Chapter 29: A Breath of Deception
“So, tell me, what is my very distant cousin, Eleanora, like? Is she truly as scandalous as they say?” Serilda asked in an amused tone as she led Carina inside a familiar large bedroom with seafoam-colored walls and peacock green curtains.
‘Wait, wasn’t this the Countess’s room?’
“I don’t know—what do they say in the country?” Carina replied hesitantly as the strange but stunningly beautiful woman relinquished her arm. Serilda’s touch left an odd tingling sensation that raised the hairs along her arm. The Marchioness’s voice made Carina feel strangely relaxed, comforted, and yet still somehow uneasy.
“In the country, they say the Crown Princess wears men’s clothes, challenges the Lafeara knights to duels, and tears around the Royal Palace barefoot. Those sorts of rumors,” Serilda replied with an amused smile as she pulled out the chair by the vanity desk and gestured towards it. “Do come and sit, Lady Maura. You look ready to fall over at any moment, though that’s to be expected. Witch burnings are a terrible thing to experience when you’re a sensitive—and you do look rather pale, my dear.”
‘How did she know about the witch burnings?’ Carina pondered as she rubbed a hand across her tired brow. “No—I’m—fine,” she murmured and looked down in confusion as her body voluntarily moved towards the indicated seat. The Winter Rose prickled against her skin, and she stopped just short of the chair. For a moment, Carina could feel a sort of haze weighing down upon her head and shoulders, but it cleared away the moment she focused upon it. “I’m just a little tired, thank you.”
Serilda’s eyebrows raised faintly. “How strange,” the Marchioness murmured with a coy smile. “Ah, yes, a dress, one moment.”
Carina watched the noblewoman curiously. It was challenging to gauge Serilda’s age, given the perfect condition of her skin. She had to be at least in her early twenties, and yet, the haunted expression that lingered in the shadows of the Marchioness’s face made Percy’s cousin feel inexplicably older.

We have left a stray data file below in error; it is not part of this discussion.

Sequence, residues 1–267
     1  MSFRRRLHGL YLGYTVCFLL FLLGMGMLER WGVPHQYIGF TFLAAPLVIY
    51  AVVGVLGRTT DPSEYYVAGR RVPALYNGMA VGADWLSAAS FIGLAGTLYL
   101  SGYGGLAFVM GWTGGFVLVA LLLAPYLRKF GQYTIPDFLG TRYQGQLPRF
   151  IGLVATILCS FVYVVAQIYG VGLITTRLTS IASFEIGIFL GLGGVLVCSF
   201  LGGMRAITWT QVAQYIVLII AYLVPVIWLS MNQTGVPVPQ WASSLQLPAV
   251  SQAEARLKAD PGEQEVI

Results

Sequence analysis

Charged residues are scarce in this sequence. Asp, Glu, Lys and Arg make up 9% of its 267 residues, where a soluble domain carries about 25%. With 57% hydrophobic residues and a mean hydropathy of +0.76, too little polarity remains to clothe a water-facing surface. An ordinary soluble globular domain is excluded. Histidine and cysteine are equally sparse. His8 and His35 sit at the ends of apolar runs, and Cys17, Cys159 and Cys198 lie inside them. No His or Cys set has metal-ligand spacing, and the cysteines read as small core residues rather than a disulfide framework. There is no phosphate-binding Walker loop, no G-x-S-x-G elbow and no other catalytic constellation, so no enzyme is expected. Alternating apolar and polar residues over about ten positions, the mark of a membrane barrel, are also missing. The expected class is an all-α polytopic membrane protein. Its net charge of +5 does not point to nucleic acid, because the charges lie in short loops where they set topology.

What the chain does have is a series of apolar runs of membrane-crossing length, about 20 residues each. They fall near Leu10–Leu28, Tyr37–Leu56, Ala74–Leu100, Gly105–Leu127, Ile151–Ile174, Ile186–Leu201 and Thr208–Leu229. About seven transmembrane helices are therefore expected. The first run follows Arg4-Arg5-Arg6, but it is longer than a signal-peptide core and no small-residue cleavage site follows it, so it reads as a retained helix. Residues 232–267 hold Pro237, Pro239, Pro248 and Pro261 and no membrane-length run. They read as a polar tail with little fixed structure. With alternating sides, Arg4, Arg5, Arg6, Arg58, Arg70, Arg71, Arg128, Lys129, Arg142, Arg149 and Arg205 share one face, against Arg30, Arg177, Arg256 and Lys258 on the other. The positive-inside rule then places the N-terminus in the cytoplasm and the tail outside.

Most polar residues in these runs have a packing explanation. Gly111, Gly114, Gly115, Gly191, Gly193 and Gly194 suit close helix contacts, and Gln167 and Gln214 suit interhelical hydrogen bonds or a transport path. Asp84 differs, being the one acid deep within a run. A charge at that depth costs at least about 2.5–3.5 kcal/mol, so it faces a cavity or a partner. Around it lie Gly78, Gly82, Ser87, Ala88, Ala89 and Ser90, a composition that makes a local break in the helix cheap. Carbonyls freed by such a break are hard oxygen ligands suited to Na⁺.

“Here we are, a lovely blue to match your eyes,” Serilda exclaimed as she pulled out a dress. “Such a rare, enchanting color,” the Marchioness added as she handed the gown to Carina and stroked her cheek. “Bewitching and yet—frigid.”
‘Okay?’ Carina cleared her throat and glanced around. “Perhaps I could change in another room?”
“Nonsense. I am more than capable of assisting you, Lady Maura, and that dress will probably need some adjustments with its length,” Serilda replied as she took Carina’s shoulders, spun her about, and lifted her hair. “I had forgotten ladies-in-waiting must make do without servants, but when did they start designing dresses with buttons in the front and not the back?”
“Fairly recently,” Carina replied as she stepped away. “How long have you been away in the country, Lady Serilda?”
The smile upon the Marchioness’s face tightened for a moment before she shrugged. “Oh—a few years.”
“Were you there to recover from an illness?”
“Yes—I suppose you could say that.”
Carina blinked at the warning tone in the Marchioness’s voice and decided not to press Serilda for further information. Instead, she turned away, laid the new gown upon the bed, and then slowly unbuttoned her bodice. Her fingers fumbled around the buttons covered in blood as the scent of the pyre drifted up the fabric. She shivered in relief as the soiled gown dropped to the floor and stepped away from it.